Diesel–the Dark Side of Industry
"On Thursday, industry representatives, environmentalists and scientists spent the day debating the link between diesel exhaust and lung cancer and the implications for California’s economy and public health."
"From truckers to farmers to manufacturers, industry leaders descended Thursday on the California Air Resources Board in an effort to stop the board from declaring diesel exhaust a potent cancer-causing danger to the public."
"Trucking companies and engine manufacturers worry that if the air board implicates diesel exhaust as a potent carcinogen, they could be held liable for paying massive damages for causing people’s cancers. Even without an outright ban on diesel, the air board’s decision would make it difficult to operate a wide variety of businesses that depend on the engines, from grocery stores to construction firms, industry officials say"
"In April, the state’s Scientific Review Panel concluded that diesels could be killing more than 14,000 Californians by causing 450 lung cancers among every 1 million people exposed to average concentrations over a lifetime. Based on that risk estimate, diesel exhaust ranks sixth in potency of 19 air pollutants now identified as hazardous.
More than 30 human health studies from around the world show a link between diesel exhaust and cancer–more so than with any other substance reviewed by the state in 15 years, said John Froines, a leading environmental health specialist at UCLA who heads the Scientific Review Panel. In the studies, railroad crews and other workers regularly exposed to large doses of the fumes suffered 40% more lung cancer than average."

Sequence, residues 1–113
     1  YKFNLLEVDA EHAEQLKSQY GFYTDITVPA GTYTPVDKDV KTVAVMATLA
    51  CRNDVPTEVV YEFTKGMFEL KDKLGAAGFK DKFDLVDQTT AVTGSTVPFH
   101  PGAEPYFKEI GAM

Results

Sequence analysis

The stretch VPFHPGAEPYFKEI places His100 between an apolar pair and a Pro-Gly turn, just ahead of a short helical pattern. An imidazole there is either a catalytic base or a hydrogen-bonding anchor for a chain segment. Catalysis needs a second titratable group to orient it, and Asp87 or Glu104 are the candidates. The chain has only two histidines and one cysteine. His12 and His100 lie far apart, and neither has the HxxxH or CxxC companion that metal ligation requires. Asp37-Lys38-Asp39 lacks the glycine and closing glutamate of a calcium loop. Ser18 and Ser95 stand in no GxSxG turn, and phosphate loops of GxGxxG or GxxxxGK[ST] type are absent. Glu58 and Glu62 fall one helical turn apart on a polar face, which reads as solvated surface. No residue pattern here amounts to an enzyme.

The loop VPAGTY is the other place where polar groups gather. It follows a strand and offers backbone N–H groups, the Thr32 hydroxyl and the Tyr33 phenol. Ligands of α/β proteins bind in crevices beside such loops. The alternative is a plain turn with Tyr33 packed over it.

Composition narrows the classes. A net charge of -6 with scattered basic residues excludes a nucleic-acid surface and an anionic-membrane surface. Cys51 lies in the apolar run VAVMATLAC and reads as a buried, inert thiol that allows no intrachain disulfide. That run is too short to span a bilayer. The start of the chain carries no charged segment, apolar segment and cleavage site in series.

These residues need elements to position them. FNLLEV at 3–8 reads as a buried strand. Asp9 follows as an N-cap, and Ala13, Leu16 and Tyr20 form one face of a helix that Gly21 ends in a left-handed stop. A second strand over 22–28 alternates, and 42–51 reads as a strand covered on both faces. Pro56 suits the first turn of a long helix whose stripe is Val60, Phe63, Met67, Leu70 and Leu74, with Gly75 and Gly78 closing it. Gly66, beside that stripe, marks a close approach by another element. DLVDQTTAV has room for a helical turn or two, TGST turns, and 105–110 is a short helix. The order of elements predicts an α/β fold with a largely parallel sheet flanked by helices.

Diesel–the Dark Side of Industry
"For two days in a row, as he unloaded baggage from jets at Los Angeles International Airport, clouds of soot poured out of a malfunctioning diesel-powered loading machine. For 23 years Lewis worked for airlines, taking pride in hardly ever calling in sick. But now his head ached, his eyes burned and his nose ran. Coughs racked his body. Suddenly he could barely breathe.
Examined by a doctor, Lewis was shocked to learn, according to court documents, that his airways were severely scarred. A specialist told him he was suffering the sudden onset of an unusual respiratory disease, an “industrial asthma,” caused by the intense bouts of diesel smoke exposure.
“An irreversible condition,” the pulmonologist said, “with a poor prognosis.” The fumes had eaten away at the lining of his airways, leaving them so hypersensitive he had to live on oxygen 24 hours a day, confined to his home"
"The danger is not just from the sort of sudden, extreme exposure that afflicted Lewis, but from everyday, lower doses as well. Exactly how much the public is endangered and how best to protect people from trucks and other machinery is now among the most contentious issues facing environmental officials."
"The 4 million Americans who operate diesel machines on the job face the most serious risks.
Their chances of dying from lung cancer rise 20% to 40% compared with the general population, according to a Health Effects Institute review of about 40 studies by epidemiologists"
"At the Ports of Long Beach and Los Angeles–massive operations that are filled with trucks, ships, trains and cranes–workers breathe some of the most severe doses of diesel exhaust found anyplace in California."
"Studies show that truck cabs contain the same amount of carbon particles as the surrounding highway air. But because truckers spend more time on highways than the general population, they probably breathe more pollutants into their lungs.
In one federal study, truckers with more than 35 years on the job faced an 89% increase in lung cancer compared with the general public. The study controlled for both smoking and diet.
A Harvard University study that tracked 55,000 railroad workers who died before 1980 found that their cancer rate increased with years of exposure–those with more than 15 years on the job had a 72% greater rate of dying from lung cancer than the general population"